This is How to Create a Successful Nonprofit Volunteer Strategy – Part II This is part 2 of a series. See part 1 for more on the volunteer lifecycle. Last week, I shared a detailed breakdown of the key decisions you should make for each step the volunteer lifecycle. This week, I’m continue the theme [...]
This is How to Create a Successful Volunteer Engagement Strategy – Part I This is part 1 of a series. See part 2 for more on structuring your volunteer program. I often get asked what a complete nonprofit volunteer engagement strategy looks like. What are the pieces? What's really necessary to get results? How should [...]
If you’ve been involved in volunteer management for any length of time, you’ve inevitably come across people who just don’t get it. They either view volunteers as widgets who can be automatically plugged in to shore up the organizational need du jour, or they think volunteers are too much hassle to be worth it. If the decision makers in your organization feel this way, you’re not likely to get the support you need.
Have you ever been questioned about purchasing food for volunteer gatherings by your fiscal department or the higher ups? You know that tasty snacks help things run more smoothly. Well, now science can back you up!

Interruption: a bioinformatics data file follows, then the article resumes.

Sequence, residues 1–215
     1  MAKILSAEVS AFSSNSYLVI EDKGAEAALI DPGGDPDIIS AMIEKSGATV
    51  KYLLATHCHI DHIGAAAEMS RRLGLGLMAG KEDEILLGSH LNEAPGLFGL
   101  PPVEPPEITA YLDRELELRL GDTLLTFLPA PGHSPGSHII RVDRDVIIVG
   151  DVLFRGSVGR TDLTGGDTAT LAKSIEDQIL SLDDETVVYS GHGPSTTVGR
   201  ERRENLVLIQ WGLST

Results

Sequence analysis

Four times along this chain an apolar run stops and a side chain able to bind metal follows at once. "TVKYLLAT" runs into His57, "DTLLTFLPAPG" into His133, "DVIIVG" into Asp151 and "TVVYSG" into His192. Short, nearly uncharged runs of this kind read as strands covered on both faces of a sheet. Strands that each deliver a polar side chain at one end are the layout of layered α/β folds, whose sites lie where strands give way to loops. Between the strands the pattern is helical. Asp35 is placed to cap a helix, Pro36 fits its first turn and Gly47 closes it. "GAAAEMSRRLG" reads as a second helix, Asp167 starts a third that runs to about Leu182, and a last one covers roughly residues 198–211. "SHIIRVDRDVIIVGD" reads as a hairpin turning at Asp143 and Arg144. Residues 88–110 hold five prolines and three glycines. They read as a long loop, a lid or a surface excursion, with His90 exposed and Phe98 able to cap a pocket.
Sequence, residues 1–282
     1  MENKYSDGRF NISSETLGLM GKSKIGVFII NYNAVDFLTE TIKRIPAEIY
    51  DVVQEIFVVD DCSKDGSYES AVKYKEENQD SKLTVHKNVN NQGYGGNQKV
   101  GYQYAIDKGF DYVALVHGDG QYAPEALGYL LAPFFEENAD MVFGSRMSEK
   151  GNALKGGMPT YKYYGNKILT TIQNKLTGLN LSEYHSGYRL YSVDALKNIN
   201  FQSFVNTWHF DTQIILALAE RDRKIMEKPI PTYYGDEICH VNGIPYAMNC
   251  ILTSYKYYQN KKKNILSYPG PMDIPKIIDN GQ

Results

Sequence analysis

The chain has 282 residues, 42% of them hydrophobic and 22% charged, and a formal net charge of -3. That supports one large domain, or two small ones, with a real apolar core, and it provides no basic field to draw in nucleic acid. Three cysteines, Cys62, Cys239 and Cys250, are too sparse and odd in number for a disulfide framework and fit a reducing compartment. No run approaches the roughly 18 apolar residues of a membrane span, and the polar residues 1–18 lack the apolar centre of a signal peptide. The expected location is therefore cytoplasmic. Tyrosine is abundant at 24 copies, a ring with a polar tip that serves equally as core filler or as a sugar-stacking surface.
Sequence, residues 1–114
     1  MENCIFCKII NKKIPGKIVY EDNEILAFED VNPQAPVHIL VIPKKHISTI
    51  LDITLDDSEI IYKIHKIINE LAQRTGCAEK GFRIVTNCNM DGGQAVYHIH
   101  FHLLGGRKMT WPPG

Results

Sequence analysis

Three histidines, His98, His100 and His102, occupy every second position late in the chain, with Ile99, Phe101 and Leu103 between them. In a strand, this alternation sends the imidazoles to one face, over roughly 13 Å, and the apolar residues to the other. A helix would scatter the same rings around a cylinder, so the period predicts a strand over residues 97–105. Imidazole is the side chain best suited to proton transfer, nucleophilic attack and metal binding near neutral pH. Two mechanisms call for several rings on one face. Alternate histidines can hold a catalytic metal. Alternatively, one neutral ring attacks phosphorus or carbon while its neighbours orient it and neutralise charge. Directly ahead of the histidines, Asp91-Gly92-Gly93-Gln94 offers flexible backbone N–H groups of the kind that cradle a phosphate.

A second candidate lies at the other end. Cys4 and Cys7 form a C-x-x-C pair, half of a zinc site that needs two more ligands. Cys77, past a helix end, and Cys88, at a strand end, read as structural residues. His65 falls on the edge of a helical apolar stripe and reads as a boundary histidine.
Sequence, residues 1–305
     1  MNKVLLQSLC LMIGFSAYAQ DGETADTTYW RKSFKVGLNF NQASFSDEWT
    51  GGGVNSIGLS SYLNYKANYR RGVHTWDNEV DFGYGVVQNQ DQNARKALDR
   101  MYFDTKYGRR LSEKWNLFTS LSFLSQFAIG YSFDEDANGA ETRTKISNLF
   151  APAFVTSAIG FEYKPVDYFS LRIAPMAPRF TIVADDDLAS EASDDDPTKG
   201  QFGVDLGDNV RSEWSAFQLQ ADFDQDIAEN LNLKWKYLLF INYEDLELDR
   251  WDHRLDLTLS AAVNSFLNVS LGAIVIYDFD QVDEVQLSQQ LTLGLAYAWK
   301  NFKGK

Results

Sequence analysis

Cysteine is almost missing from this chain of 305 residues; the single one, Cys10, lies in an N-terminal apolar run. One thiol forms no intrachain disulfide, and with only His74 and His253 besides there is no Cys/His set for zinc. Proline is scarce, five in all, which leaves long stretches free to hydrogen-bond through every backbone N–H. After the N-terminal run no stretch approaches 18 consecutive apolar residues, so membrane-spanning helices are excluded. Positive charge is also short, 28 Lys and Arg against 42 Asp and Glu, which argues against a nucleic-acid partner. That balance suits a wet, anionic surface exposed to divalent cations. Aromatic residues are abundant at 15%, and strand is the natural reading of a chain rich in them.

Much of the job of initiating volunteers is helping newcomers negotiate conflicting emotions – surprise, fear, ambiguity, etc. – as they work to settle into their volunteer jobs comfortably. Unfortunately, too few organizations take a strategic and thoughtful approach to onboarding. As a result, they become a revolving door for dissappointed volunteers seeking a better fit elsewhere and are left wondering why.
Results of the Pathways to Participation study has just been released. In addition to analyzing what stimulates civic engagement, the study also points to organizational issues that can affect supporter retention. Fortunately, they are issues you can address directly.
Earlier this month, I had the opportunity to visit with the talented staff at the The Medicare Rights Center in New York City. Heather Bates and Susan Batkin took me on a tour of their national Consumer Helpline. This is Part II of my interview.
Earlier this month, I had the opportunity to visit with the talented staff at the The Medicare Rights Center in New York City. Heather Bates and Susan Batkin took me on a tour of their national Consumer Helpline.
The public now expects to access information at any time of the day or night. Are nonprofit organizations ready to deliver? Not all, not yet, but it’s an imperative.
Volunteers are making a deep, personal choice when they agree to join your team. They are making an investment, with a calculated risk, that their time and energy will be used effectively. And, contrary to today's stock market, they expect to realize good returns.